page under construction, starting off a particular endgame situation, from which I'm trying to derive "early endgame concepts"
|Table of contents||Table of diagrams
Starting position - move 126
Move A - Black first
Move A - White first
Move B - Black first
Move B - White first
Move C - Black first
Move C - White first
Move D - Black first
Move D - White first
Move E - Black first
Move E - White first
Move F - Black first
Move F - White first
Move G - Black first
Move G - White first
Move G - White first
Move H - Black first
Move H - White first
Move I - Black first
Move I - White first
Double sente at A
Central shape moves
Related endgame areas - reducing value
Related endgame areas - inducing value
I had not really calculated the score but ever since the middle game I had the idea that if I saved my group running from the upper left, I was ahead, probably by komi. So at move 126, seeing this move, which creates more eye space for my group while reducing that of the Black bottom right corner, I though this was enough.
It turned out it was, but by a margin of only 3.5
Anyhow we're in the early endgame now, where groups are safe but can still be threatened and where territories are sketched out but not all have clear borders yet.
Big moves are now (preventing)
is also sente. If Black doesn't respond, another move at threatens to cut the black group into pieces and will anyway cut off the b6 stones at the bottom.
With and , White makes a half eye for her group while reducing Black's territory. is sente because next either the 6 stones get cut off or Black's eyespace is reduced to one eye.
Hence Move A is double sente and has value for both, so it's the biggest move on the board.
here is small. It threatens to cut off two white stones, but while Black does that, White first executes the sente on the left side, then takes the big moves at and . White now leads by about 15 points, an effect of accumulated losses at (-7) and (-4).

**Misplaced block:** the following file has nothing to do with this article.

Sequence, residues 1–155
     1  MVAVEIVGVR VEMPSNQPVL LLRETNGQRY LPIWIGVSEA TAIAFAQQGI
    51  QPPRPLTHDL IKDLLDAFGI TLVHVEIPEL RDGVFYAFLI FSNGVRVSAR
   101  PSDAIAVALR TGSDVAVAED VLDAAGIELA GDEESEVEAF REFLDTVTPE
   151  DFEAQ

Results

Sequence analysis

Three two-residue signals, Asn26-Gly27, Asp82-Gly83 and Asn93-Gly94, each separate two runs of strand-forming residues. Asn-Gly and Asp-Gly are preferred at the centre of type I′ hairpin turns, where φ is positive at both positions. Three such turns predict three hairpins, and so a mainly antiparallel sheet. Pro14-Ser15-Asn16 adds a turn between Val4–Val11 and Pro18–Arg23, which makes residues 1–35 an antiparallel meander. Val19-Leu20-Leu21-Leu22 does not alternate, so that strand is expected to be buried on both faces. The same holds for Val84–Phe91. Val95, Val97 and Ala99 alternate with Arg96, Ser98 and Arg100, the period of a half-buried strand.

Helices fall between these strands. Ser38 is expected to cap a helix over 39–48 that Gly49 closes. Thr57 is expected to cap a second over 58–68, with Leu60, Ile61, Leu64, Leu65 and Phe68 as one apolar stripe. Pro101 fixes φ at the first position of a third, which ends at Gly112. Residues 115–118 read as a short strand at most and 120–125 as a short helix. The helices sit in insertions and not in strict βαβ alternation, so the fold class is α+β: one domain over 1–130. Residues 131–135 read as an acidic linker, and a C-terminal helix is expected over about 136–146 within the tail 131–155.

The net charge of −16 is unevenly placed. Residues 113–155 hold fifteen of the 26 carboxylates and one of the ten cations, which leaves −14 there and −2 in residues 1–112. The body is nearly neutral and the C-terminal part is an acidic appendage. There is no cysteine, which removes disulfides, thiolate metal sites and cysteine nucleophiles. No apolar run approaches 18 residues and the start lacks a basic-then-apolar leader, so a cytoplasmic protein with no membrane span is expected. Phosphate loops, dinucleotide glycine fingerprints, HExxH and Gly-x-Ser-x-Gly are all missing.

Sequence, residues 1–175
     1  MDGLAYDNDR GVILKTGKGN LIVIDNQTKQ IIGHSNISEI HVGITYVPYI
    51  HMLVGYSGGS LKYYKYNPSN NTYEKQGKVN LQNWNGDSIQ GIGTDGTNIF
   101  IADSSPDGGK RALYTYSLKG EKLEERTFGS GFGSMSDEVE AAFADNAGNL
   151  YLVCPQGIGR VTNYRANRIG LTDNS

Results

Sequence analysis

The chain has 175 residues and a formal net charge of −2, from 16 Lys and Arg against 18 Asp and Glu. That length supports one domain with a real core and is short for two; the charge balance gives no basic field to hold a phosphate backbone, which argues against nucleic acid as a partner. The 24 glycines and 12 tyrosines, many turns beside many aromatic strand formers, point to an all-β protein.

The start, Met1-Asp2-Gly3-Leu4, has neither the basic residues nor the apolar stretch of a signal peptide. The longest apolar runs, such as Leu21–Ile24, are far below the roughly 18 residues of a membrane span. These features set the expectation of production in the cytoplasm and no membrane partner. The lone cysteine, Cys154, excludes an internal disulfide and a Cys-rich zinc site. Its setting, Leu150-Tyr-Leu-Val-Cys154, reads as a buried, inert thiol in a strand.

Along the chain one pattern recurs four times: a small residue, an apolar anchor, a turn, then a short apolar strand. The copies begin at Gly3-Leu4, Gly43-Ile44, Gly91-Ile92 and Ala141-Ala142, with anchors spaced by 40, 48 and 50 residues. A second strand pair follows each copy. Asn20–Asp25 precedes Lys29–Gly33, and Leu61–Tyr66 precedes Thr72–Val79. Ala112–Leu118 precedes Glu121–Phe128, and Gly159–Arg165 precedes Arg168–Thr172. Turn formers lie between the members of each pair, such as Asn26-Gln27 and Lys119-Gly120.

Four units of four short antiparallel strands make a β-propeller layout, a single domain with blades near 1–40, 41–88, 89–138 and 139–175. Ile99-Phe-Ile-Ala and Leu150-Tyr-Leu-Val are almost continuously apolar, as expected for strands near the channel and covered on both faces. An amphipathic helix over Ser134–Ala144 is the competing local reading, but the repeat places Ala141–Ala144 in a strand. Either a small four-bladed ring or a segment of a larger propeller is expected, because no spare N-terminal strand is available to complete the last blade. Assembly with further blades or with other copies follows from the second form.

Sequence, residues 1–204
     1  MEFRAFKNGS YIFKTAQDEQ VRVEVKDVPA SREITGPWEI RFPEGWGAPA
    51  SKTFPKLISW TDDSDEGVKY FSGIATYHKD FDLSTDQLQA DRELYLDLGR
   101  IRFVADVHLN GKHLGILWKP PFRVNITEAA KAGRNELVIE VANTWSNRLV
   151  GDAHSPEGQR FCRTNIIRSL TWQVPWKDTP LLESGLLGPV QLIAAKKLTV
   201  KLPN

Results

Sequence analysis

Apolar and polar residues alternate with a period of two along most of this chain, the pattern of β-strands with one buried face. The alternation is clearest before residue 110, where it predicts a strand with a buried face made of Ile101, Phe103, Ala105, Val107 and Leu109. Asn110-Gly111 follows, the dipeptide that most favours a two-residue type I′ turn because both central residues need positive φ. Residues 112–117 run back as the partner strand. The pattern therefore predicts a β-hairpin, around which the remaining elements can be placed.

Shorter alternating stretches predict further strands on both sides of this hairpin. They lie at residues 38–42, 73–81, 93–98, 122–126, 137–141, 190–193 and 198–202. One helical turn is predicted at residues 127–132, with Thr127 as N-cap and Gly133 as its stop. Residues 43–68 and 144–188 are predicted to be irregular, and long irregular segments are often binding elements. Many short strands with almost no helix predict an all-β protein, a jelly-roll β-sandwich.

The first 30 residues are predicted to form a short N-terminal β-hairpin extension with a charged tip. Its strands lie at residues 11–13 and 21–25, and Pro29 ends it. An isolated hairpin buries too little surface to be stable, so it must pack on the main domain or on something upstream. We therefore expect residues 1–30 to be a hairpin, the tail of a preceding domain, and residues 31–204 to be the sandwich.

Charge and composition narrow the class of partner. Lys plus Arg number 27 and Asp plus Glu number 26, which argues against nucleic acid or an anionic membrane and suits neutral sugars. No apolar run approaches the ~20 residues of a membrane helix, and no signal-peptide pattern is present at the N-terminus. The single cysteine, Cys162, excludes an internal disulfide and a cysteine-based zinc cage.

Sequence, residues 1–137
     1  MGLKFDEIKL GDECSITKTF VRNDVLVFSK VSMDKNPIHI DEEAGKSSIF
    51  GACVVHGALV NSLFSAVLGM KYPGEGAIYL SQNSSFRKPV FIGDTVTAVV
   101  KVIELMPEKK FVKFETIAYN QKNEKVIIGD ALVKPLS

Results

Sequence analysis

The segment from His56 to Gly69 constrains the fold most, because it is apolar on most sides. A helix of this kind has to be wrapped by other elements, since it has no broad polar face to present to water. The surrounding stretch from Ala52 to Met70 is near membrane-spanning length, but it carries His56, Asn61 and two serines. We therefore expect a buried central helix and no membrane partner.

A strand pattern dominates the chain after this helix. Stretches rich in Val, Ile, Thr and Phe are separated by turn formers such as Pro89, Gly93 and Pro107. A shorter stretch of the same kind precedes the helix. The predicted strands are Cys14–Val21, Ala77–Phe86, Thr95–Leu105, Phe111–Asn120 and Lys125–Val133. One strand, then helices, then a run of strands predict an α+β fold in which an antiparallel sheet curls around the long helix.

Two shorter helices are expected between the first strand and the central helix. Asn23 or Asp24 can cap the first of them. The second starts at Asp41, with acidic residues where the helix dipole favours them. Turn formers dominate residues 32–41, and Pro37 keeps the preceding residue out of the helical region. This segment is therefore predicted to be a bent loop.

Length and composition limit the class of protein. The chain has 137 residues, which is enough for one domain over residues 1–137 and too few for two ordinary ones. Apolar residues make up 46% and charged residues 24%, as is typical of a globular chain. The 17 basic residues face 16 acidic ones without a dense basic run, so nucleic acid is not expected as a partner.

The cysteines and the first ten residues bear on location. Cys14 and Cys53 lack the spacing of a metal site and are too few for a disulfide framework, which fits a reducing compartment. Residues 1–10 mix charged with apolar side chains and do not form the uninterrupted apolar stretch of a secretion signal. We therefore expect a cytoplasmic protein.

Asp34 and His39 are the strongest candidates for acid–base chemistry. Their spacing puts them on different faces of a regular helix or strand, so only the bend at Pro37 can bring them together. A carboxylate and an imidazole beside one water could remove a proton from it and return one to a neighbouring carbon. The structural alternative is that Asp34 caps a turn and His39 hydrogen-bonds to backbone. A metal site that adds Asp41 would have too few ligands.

here creates a half eye in gote. That is, White can now make one eye there but Black can still destroy the eye at .
Obviously Black has much better things to do.
Move B is a mere boundary play, affecting only two stones. It's gote for both and doesn't add much value. It's a late endgame play.
makes central teritory and also removes an option for White to create extra eye space in there, increasing the value of D (which White is probably going to take for herself).
does the opposite (obviously), creating more health in the center and reducing Black's potential to connect to the center. It increases the likelihood of Black playing D.
Overall, C feels like a big move in itself but it's not severe towards either opponent and it increases the value for the opponent to take D. So let's now discuss D
If White responds to with the marked here, then Black has made a gain in sente. So, WHite will rather respond at in sente (threatening to connect) and then make an eye at . We again see the relationship of these endgame moves.
Likewise , if answered at the marked point, is a gain in sente, so Black
This is a standard endgame move. After , Black will have a sente sequence shown by the marked points.
Similarly, after White has a half sente sequence resulting in the marked stones being the border.
Move E is a classical gote move with miai value 5, a large late endgame move.
fixes White's troublesome shape and next can reduce Black's territory considerably. A turn at the marked point would affect all of Black's strings in the vicinity.
It's hard to assess F because it's a middle game like move which affects the power of many stones in a central area. Black's move there is locally forcing and forestalls White's reinforcement which affects the stones in the center.
After Black has a sente endgame sequence as marked. In this stage the territory is still open from the center and White's stones are weakened so he will leave the aji.